This group is patients who have typical angina-type pain, but in contrast to group 1 or patients with established coronary artery disease, it occurs predominantly at rest. There is associated ST elevation during chest pain and the aetiology is thought to be coronary spasm. These patients are difficult to diagnose in the clinic setting because ECG evidence of ST elevation is often lacking, except when they come for emergency coronary angiography due to ongoing chest pain. These patients are less common in clinical practice than patients with other forms of chest pain. They can be regarded as having ‘vasospastic angina’ since the aetiology is thought to be focal coronary spasm. Other terms include Prinzmetal angina or variant angina. Rarely, such coronary spasm can lead to myocardial infarction. In practice, intracoronary infusions of acetylcholine or ergonovine during coronary angiography are not performed to establish this diagnosis invasively, and it is therefore often a diagnosis of exclusion.
Patients in this group have left-sided chest pain lasting hours or days, and most often have musculoskeletal pain – ‘non-anginal chest pain’. Other causes for chest pains, such as oesophageal, pulmonary, pericarditic and aortic pathology, deserve their respective investigations. This group is important because these patients should not be regarded as having angina.
Our patient firmly belongs to group 1, and her diagnosis is microvascular angina (syndrome X).
The pathogenesis of microvascular angina is not fully understood and the pathophysiological features exhibited by such patients can be disparate, hence the term ‘syndrome X’, which was first coined to describe them.
It is thought that such patients have impaired relaxation or increased sensitivity to vasoconstriction in the intramural arterioles and pre-arterioles. This results in impaired myocardial blood supply and episodes of ischaemia, causing chest pain.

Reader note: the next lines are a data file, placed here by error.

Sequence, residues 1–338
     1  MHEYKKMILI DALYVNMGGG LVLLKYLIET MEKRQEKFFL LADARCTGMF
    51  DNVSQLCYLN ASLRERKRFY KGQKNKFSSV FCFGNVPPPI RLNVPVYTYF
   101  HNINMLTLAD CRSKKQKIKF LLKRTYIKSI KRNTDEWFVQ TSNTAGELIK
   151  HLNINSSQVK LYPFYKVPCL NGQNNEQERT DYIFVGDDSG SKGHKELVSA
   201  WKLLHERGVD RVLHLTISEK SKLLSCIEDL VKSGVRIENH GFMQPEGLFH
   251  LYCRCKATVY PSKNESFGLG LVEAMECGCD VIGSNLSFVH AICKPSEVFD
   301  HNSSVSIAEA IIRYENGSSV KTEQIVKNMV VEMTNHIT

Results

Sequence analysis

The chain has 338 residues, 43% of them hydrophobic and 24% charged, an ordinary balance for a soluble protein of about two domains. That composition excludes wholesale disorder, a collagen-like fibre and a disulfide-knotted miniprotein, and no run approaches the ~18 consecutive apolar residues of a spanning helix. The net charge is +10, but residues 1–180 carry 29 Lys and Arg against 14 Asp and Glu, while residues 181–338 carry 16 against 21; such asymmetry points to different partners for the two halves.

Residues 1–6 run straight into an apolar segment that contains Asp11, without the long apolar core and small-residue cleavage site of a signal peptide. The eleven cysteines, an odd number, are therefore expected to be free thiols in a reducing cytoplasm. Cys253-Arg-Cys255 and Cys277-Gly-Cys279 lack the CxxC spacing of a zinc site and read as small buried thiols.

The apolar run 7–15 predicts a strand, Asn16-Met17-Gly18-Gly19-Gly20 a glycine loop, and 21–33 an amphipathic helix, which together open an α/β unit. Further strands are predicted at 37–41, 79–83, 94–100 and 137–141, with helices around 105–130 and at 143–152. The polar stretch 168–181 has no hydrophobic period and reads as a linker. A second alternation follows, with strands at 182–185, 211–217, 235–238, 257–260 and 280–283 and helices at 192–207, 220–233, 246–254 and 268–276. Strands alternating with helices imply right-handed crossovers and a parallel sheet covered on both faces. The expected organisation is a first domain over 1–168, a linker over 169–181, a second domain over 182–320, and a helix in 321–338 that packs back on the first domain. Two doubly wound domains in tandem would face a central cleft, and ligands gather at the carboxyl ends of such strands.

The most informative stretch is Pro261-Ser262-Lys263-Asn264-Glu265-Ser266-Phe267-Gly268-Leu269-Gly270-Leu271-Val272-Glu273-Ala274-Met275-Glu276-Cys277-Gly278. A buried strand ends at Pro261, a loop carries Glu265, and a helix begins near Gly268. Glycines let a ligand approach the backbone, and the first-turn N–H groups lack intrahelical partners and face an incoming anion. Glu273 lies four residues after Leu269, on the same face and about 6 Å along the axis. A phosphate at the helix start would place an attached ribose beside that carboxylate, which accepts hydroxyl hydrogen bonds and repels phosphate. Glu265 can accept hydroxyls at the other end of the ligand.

Some studies have actually disputed the existence of ischaemia in microvascular angina, even in those patients who have abnormal ECG stress tests. The fact that stress echocardiography does not show any wall motion abnormality in microvascular angina patients is cited as evidence against ischaemia as the underlying cause.
Coronary microvascular dysfunction is by no means the only theory. An alternate mechanism to ischaemia is enhanced pain sensitivity – the ‘sensitive heart’ theory. Abnormal cardiac pain perception is thought to be responsible for the induction of characteristic chest pains during coronary angiography, catheter movement or saline injection – manoeuvres that do not induce ischaemia.
The lack of a unifying pathogenic mechanism accounts for a wide range of treatments found to be potentially helpful. These include ß-blockers, nitrates, calcium blockers, tricyclic antidepressants (imipramine) and ACE inhibitors.
1 Patients diagnosed with microvascular angina and unobstructed coronary arteries have a good prognosis in relation to MI and cardiovascular death compared with patients who have established coronary artery disease. Reassurance is helpful, but many patients continue to suffer morbidity due to repeated chest pain presentations.
2 Patients presenting with angina and unobstructed coronary arteries have significantly higher rates of obesity, hypertension, family history of ischaemic heart disease, diabetes and smoking history. These modifiable risk factors should be addressed accordingly.
3 Secondary prevention with a statin and aspirin may be appropriate, according to European Society of Cardiology guidelines.
4 First-line treatment is with a ß-blocker.
5 Calcium channel blockers are recommended if the ß-blocker does not achieve sufficient symptomatic benefit.
6 Short-acting nitrate (GTN) is recommended to treat acute angina attacks.
7 This is a difficult condition to treat, and chest pains can often be debilitating and have inconsistent response to treatment. Although this condition is associated with morbidity from recurrent chest pain, serious complications such as cardiovascular death and MI are reassuringly very unlikely.
Thank you for the referral.
Dr TW Koh
Dr TW Koh is a consultant interventional cardiologist at Barts Health NHS Trust and the London Clinic.